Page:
Earlier this month, I was a guest at the Gaslight Steampunk Expo in San Diego, California. The theme was the 1889 Universelle Exposition du Paris where Gustave Eiffel built the largest structure on the planet to date. I knew the country that produced Jules Verne had a strong interest in steampunk. I was aware of Jacques Tardi’s Adèle Blanc-Sec comic series and the wonderful movie April and the Extraordinary World, also inspired by Tardi’s work. I also knew the steampunk-flavored animated musical La Méchanique du Coer. I wanted to see what else the French had produced.
It takes a little bit of detective work to find good books and comics which aren’t published in English, especially if you don’t speak the native language. I did come across an article that recommended the novel Confessions d’un automate mangeur d’opium by Fabrice Colin and Mathieu Gaborit. The title translates as “Confessions of an Opium Eater Automaton.” Set in a Paris whose skies buzz with flying machines, it tells the story of a young actress and her psychiatrist brother who investigate a mysterious death and become entangled in a story involving automata and even Queen Victoria. Sadly, the novel hasn’t been translated into English, but I did discover another work by Fabrice Colin. La Brigade Chimérique is a comic Colin created with Serge Lehman and the title translates as The Chimera Brigade. The comic was translated and published in the United States by Titan Comics.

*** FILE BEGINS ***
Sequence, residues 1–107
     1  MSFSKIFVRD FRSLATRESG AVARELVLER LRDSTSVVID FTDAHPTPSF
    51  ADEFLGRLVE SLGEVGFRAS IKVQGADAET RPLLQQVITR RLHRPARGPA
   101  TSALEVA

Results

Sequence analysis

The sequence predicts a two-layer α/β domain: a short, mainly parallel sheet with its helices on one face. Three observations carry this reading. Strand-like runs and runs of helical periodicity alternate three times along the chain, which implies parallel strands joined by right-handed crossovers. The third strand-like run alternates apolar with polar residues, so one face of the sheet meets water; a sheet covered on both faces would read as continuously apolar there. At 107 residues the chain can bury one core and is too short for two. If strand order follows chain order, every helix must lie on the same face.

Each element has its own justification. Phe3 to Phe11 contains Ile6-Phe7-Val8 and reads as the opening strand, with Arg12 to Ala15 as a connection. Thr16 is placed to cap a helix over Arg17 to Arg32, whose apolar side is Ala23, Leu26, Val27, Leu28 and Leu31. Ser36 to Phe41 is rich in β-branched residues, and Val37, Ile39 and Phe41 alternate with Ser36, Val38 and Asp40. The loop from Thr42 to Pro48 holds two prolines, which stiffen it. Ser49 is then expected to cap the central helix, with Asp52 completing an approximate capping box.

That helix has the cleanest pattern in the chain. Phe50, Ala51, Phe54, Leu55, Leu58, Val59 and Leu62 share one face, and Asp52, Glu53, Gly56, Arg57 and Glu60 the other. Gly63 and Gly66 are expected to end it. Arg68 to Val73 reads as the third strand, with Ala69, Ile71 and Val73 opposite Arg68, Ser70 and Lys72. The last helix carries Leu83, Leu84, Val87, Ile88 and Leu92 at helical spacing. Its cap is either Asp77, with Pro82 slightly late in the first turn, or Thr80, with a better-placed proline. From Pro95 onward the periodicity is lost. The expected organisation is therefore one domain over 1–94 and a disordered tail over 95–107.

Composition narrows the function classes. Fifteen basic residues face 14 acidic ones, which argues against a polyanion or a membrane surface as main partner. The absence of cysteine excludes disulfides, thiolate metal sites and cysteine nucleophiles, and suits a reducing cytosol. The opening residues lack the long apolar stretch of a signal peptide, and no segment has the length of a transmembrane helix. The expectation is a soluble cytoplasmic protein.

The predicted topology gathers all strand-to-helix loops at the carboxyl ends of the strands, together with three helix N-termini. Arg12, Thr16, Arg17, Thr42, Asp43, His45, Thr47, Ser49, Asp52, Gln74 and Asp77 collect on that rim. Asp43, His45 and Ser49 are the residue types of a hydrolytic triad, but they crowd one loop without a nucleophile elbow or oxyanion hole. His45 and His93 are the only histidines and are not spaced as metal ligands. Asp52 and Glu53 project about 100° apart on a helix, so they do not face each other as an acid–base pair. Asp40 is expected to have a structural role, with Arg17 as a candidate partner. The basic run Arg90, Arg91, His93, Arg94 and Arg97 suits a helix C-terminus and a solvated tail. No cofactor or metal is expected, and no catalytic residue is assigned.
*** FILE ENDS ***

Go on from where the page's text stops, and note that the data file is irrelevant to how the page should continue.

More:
The Chimera Brigade isn’t exactly steampunk in that it’s set well after the Victorian era in 1938, however it’s clearly the product of the same kind of alternate historical roots. In effect, the comic feels like The League of Extraordinary Gentlemen meets The Justice Society of America. In the opening chapters, we learn that super powered beings emerged in World War I as Marie Curie worked in the trenches using her radium to help wounded soldiers.
Now in 1938, German super powered beings are posed to take over as the master race while in the Soviet Union a more communist-oriented team called “We” has a different vision for Europe. Caught in the middle is Marie Curie’s daughter, Irene Joliot-Curie, who is trying to understand how the super-powered beings were created in the first place so she can keep Europe from falling into chaos. The heroes and villains themselves are a mix of historical figures and characters from classic European pulp stories. The writers coined the term “radiumpunk” to describe their story’s genre.
The story can be a bit of a slow burn compared to American comics which need a fight scene every issue. This reads more like a novel where the plot unfolds over time and we get fascinating insights into the nature of superheroes courtesy the writings of Friedrich Nietzsche and Carl Jung.
Six issues of The Chimera Brigade were translated into English. As far as I can tell from the French Amazon site, that’s the complete original run. Like many comics, the story doesn’t quite seem complete, however I do see a new Chimera Brigade title listed on the site for publication in 2022. I hope this new story will be available in the United States and will answer some of the questions left from the original story.